The midwifery student arrived just after me, and we went into the home together.
The student has kindly shared her reflections with me:
"When we arrived the woman was upright, pacing with her ipod on and using lots of heat packs. The room was lit by candles and the fire was burning.
"Suprisingly we did not do an assessment on arrival but instead proceded to unpack things. I helped to test and check the emergency equipment and positioned everything in unobtrusive but accessible places in case they were needed (they weren't). After about 20mins of setting up we were ready to do an assessment. It the very first of many stark contrasts to hospital midwifery in that this only included a temperature and fetal heart rate. The midwife explained that as the woman's BP had been stable all along there was no evidence to support it being unstable in labour, in addition we already knew the baby was cephalic and well engaged (from our previous appointments) so a palpation was unnessessary. A VE [vaginal exam] was also unnessessary as it wouldn't change the course of action/treatment at that time. No timings either, as there is no syntocinon to put up. All in all our assessment was about observing behaviours."
It has been an interesting exercise for me to see this birth through the eyes of someone who is new to the profession. Someone who recorded, after the birth,
"It was the first time I have seen:
- An upright first stage
- Labouring in water
- Birthing in water
- No meds to hurry labour
- No analgesia in labour
- A physiological 3rd stage
- A woman taking cues from her body, not from hospital staff
- Family and friends with active labour involvement
- A woman eating and drinking freely in labour
- Waters breaking without someone breaking them
- Kids in labour
- Video camera in labour
- A baby being swadled in sheets etc that the family had been using prior so it had their scent on it
- True woman-centre care"
My enduring memories from this birth centre on the normality of everything that happened, contrasting with the potential threat of illness. The illness that this mother, father, and family faced at the time was that they all had colds - common garden variety upper respiratory viral infections. Coughing, congestion, chills, sleeplessness ... they had it all.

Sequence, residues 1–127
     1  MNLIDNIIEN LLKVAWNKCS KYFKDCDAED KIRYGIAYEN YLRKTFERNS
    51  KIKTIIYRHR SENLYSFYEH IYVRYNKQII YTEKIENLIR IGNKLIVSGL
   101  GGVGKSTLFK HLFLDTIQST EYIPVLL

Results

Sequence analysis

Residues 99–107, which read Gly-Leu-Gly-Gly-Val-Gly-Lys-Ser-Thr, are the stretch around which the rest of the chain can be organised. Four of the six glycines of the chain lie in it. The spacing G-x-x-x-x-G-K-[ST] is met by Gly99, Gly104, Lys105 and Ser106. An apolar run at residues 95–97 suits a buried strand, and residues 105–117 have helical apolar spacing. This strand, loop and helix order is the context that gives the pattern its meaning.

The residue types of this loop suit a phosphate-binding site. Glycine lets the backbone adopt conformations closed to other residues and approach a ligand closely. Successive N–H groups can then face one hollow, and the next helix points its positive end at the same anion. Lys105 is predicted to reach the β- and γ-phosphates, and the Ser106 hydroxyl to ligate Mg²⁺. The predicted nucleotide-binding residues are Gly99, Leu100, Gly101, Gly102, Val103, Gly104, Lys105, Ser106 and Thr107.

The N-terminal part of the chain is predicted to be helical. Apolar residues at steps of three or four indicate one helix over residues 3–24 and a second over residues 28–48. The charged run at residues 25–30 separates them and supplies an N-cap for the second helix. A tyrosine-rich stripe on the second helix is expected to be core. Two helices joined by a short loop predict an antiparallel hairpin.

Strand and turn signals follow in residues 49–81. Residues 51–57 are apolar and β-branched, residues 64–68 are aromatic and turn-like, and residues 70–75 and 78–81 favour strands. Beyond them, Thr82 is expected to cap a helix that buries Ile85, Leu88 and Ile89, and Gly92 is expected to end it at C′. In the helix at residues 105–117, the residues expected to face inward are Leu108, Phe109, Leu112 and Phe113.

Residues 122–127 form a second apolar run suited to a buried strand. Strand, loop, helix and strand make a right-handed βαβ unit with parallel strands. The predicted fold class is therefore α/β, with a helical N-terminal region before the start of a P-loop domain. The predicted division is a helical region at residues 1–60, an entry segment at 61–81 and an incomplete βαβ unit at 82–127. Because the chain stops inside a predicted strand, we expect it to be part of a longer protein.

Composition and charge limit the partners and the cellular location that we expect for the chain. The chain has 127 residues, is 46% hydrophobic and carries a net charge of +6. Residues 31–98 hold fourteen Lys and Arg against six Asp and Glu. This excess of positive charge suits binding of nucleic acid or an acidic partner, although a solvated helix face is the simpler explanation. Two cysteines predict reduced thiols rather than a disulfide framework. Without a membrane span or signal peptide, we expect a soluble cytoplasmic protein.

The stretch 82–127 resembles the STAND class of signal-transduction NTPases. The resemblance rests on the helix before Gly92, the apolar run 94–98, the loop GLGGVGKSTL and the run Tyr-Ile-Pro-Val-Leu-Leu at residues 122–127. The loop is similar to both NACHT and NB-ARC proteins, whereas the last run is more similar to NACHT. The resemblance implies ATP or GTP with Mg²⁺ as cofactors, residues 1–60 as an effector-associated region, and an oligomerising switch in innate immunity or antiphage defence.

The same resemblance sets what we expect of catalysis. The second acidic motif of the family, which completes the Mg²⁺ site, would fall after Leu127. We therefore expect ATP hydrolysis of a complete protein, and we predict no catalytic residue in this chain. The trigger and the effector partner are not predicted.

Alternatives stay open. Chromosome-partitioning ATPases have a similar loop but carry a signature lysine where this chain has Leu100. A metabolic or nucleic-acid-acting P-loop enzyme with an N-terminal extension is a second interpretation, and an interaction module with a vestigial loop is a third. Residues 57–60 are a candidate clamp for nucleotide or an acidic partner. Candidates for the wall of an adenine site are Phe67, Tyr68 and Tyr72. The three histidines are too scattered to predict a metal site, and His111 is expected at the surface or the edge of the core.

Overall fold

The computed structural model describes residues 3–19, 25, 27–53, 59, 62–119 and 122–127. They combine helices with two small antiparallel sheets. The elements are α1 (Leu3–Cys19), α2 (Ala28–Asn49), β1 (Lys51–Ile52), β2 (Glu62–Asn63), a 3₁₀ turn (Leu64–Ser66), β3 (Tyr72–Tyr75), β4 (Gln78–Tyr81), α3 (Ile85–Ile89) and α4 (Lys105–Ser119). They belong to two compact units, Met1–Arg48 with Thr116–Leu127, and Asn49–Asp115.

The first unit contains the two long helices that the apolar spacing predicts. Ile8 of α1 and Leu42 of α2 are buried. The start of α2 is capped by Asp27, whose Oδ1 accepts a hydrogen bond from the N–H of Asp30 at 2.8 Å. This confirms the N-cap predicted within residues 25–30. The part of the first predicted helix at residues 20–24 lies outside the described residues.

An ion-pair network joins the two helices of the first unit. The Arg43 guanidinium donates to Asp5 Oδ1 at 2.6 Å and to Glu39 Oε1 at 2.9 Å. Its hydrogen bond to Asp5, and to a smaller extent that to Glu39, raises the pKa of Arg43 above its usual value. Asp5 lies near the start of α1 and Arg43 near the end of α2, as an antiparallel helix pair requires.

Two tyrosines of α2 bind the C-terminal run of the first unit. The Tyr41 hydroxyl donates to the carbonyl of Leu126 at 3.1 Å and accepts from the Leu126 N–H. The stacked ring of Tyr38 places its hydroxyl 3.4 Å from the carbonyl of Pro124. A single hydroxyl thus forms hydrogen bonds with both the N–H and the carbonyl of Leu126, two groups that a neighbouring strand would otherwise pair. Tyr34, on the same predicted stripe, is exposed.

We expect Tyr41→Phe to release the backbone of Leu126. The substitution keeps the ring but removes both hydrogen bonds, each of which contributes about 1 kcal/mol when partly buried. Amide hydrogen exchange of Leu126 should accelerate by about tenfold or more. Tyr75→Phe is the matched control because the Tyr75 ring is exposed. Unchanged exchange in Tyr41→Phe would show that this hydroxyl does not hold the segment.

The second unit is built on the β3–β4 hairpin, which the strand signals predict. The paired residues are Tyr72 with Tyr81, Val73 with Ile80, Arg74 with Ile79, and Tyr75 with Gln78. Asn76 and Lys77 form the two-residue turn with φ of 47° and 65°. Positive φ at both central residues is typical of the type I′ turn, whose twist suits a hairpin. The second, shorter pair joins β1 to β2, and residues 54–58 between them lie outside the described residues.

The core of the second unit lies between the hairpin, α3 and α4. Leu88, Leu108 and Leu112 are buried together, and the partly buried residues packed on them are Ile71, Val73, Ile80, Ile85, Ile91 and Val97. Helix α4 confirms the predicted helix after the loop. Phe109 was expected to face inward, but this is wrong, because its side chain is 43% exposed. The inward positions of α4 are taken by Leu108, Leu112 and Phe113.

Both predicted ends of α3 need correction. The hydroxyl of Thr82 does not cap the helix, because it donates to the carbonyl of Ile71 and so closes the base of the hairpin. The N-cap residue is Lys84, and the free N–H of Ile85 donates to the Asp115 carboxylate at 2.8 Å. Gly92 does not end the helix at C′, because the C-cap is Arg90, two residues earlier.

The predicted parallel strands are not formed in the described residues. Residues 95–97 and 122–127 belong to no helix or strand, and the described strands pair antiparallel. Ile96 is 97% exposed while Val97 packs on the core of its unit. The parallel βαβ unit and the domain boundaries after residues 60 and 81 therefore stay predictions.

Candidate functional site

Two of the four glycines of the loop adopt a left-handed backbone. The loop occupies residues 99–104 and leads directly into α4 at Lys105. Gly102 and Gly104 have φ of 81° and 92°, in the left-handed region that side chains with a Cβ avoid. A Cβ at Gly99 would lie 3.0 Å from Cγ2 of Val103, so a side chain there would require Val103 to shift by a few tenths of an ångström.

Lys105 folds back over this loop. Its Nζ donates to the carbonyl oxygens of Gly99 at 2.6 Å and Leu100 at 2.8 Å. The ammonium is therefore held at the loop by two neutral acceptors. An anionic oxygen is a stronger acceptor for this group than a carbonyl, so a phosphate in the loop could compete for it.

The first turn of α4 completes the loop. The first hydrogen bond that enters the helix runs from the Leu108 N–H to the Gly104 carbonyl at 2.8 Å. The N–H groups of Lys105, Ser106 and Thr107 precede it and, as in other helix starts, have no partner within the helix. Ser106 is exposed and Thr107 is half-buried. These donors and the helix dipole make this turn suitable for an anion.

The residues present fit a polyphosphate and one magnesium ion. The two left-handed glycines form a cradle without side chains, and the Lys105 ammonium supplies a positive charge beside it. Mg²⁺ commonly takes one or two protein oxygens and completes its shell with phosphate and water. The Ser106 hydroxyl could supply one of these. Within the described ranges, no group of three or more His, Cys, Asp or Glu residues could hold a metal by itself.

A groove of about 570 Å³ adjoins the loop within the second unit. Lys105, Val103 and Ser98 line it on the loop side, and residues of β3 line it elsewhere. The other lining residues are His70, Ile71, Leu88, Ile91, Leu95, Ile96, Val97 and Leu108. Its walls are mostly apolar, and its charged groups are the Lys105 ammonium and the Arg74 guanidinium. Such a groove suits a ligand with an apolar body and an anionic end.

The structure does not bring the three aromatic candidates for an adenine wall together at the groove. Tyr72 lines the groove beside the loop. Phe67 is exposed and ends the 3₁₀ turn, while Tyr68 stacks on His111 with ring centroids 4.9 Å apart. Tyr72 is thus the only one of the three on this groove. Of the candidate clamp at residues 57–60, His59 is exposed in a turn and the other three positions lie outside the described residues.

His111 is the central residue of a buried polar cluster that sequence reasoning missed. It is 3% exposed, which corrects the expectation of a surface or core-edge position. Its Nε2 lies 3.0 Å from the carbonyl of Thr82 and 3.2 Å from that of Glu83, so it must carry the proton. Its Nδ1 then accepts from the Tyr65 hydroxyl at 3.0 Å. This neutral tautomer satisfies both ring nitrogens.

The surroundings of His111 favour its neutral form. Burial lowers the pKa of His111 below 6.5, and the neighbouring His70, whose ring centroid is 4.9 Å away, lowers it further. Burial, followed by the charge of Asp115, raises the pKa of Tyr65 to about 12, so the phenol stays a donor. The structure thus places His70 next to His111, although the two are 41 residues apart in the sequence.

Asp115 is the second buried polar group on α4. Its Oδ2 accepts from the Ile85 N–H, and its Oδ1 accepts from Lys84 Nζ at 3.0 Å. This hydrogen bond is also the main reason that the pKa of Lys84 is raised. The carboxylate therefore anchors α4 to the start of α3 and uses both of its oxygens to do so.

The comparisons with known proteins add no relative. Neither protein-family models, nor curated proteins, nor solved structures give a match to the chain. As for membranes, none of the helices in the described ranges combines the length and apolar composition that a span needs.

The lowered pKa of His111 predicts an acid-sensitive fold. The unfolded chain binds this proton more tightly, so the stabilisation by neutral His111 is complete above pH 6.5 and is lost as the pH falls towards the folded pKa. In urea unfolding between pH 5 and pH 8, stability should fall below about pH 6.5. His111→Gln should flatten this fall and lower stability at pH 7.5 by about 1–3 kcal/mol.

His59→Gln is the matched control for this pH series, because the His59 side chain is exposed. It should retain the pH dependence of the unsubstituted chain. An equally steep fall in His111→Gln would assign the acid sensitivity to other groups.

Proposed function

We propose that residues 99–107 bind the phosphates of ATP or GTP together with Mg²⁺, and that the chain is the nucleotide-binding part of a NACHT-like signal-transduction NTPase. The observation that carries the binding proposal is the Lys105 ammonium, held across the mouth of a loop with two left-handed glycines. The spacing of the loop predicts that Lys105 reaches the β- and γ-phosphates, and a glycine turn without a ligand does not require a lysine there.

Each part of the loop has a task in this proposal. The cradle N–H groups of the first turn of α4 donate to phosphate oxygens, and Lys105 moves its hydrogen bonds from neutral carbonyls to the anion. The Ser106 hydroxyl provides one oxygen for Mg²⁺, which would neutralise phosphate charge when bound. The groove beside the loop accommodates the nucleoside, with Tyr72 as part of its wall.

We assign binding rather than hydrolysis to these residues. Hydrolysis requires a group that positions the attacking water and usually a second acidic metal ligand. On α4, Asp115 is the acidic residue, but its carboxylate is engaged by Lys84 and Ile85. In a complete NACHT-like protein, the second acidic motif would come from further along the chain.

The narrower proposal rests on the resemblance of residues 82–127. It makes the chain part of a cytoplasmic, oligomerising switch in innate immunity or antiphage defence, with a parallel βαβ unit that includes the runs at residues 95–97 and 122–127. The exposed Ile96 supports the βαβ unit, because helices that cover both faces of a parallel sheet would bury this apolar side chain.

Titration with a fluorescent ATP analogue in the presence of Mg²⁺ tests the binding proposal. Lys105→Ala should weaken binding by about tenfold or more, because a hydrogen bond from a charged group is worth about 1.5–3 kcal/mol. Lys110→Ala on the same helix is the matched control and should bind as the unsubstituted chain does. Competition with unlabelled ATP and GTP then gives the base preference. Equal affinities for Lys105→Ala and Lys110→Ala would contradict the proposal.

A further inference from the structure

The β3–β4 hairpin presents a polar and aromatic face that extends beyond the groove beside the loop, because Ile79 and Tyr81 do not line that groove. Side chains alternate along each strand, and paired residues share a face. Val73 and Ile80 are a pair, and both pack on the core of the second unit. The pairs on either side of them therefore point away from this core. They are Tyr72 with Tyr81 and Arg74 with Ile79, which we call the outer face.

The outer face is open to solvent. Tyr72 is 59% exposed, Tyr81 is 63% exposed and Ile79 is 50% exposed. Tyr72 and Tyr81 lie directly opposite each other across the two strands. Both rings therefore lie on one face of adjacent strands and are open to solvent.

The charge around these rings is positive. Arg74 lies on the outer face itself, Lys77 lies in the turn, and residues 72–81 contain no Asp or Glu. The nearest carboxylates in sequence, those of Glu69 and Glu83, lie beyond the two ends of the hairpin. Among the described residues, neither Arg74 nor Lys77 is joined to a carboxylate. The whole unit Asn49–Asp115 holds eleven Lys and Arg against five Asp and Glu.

By the time labour was established the mother was weary.
As the time for birth drew closer, and the mother became frustrated by her physical weakness, I asked her to rest quietly in the womb of warm water. Some would call it transition. The light from candels was dimmed. The support crew withdrew to the kitchen, and had cups of tea and pieces of toast.
The miracle of birth unfolded and a beautiful pink baby boy, with a shock of black hair, was lifted out of the water by his mother and taken into her arms.
The miracle of birth continued as the child transitioned from placental circulation to strong, normal breathing, and began his lifelong search for good food.
The miracle of birth continued as the mother stood and released her baby's placenta, with only minimal blood loss.
Mother and baby are well and happy.
Another mother is waiting for her baby to be born.
She is a mother who has experienced the cascade of interventions in her previous pregnancy, with induction of labour, epidural, caesarean birth, separation from her baby, the baby being given formula feeds, and weeks of distress, pain, bonding and breastfeeding difficulties.
She is a mother who is longing to give birth to her baby, and who is learning to face her fears and work with a simple decision making process as each day passes.